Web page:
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University of Venda (2022)

Vegetation dynamics in a semi-arid freshwater wetland : a measure for restoration success

Murungweni, Florence Mazwi

Titre : Vegetation dynamics in a semi-arid freshwater wetland : a measure for restoration success

Auteur : Murungweni, Florence Mazwi

Université de soutenance : University of Venda

Grade : Doctor of Philosophy (PhD) in Environmental Sciences 2022

Résumé partiel
The functioning of wetland ecosystems is impacted by human anthropogenic activities, which affect wetlands’ vegetation development and their ability to offer ecosystem services. The need to understand vegetations’ natural regeneration, in previously degraded wetlands of semi-arid regions is essential to measure restoration success. Nylsvley freshwater wetland is the largest inland flood plain found in the semi-arid region of South Africa and a Ramsar site of worldwide conservation importance. It provides a habitat to some endangered species ; however, it is facing degradation problems leading to a declining of its biodiversity. The importance of Nylsvley wetland prompted an initiation into its ecological restoration, to try and reverse the ecosystem degradation and monitor vegetation development of this Ramsar site. This study aimed to evaluate restoration efforts, through an analysis of vegetation dynamics, in a restored semi-arid freshwater wetland, so as to understand the success story of restoration efforts. The first objective of the study examined historical rainfall trends in the Nyl River system as rainfall affects vegetation productivity. Daily rainfall data was measured from eight rainfall stations for the period, 1950 to 2016, to generate seasonal and annual rainfall data. The Mann-Kendall and quantile regression were applied to assess trends in this rainfall data. Normalized Difference Vegetation Index derived from satellite images from between 1984 and 2003, utilising zonal statistics was correlated with rainfall of the same period to assess vegetation dynamics. The Mann-Kendall and Sen’s slope estimator showed that only one station had significant increased rainfall trend, annually and seasonally, at p < 0.05, whereas all the other stations showed insignificant trends during these rainfall seasons. Quantile regression showed that 50% and 62.5% of the stations had increasing annual and seasonal rainfall, respectively. Three of the eight stations had data which were statistically significant at p < 0.05, indicating increasing and decreasing rainfall trends. These rainfall trends show that the rainfall at Nylsvley decreased Vegetation dynamics in a semi-arid freshwater wetland : a measure for restoration success between 1995 and 2003. The R2 between rainfall and Normalized Difference Vegetation Index of Nylsvley is 55% indicating the influence of rainfall variability on vegetation productivity. The second objective assessed spatio-temporal changes of natural vegetation development within Vogelfontein, part of Nylsvley, utilising 1984, 2005 and 2016 satellite imagery which provided at least 10 years’ evaluation of conditions, before and after restoration. Land cover maps were generated from classified Landsat images using maximum likelihood classification algorithm with five land uses - old fields, water, bare ground, sparse and dense vegetation. The results showed a worsening of natural vegetation regeneration from 1984 until 2005, as bare ground and old field increased by over 19%. This decline was attributed to cultivation, which ended in 1996 in Vogelfontein. The period 2005 to 2016 saw the classes gaining in natural recovery of vegetation (7%). This indicates the necessity for wetland restoration, as there was evidence of vegetation recovery in a landscape facing a degradation trajectory.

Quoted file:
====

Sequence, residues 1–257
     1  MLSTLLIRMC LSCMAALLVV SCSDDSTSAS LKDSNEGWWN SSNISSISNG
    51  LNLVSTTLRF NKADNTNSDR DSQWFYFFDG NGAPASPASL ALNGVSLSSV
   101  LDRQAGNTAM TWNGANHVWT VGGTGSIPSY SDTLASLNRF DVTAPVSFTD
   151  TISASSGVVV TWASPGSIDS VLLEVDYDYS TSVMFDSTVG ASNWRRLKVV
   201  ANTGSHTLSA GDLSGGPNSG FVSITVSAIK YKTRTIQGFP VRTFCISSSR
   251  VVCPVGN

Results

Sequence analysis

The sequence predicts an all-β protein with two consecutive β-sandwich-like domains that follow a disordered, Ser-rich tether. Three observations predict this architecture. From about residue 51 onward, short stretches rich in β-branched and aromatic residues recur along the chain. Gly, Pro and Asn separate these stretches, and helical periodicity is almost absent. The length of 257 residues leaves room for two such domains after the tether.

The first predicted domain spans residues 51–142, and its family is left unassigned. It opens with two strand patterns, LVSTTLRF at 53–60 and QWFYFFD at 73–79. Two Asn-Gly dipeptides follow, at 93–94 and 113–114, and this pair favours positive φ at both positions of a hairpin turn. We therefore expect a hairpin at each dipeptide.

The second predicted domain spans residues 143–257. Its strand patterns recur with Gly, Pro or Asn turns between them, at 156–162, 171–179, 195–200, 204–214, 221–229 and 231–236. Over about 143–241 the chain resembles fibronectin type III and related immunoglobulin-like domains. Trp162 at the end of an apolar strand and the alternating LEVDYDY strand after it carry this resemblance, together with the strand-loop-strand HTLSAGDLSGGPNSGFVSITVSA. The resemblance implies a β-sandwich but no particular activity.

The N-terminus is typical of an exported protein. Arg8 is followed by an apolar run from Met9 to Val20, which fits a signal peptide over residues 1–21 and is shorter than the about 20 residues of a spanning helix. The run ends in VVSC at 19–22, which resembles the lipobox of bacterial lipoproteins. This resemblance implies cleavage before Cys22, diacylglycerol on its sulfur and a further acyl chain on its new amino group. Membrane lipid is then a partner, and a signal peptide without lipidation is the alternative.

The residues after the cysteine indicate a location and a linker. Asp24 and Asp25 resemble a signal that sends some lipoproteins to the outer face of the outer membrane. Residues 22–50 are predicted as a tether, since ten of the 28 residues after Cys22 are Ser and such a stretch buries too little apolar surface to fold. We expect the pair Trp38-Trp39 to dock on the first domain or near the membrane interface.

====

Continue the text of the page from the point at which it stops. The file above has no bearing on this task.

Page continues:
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Page publiée le 21 janvier 2023